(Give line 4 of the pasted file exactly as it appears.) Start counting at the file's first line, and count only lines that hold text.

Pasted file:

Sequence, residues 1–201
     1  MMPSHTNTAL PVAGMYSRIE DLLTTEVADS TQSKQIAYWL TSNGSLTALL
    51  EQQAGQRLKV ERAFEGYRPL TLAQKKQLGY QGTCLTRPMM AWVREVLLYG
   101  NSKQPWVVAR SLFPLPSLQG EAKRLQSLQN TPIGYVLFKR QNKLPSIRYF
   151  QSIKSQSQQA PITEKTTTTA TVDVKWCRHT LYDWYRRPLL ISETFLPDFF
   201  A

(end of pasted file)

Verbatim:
   101  NSKQPWVVAR SLFPLPSLQG EAKRLQSLQN TPIGYVLFKR QNKLPSIRYF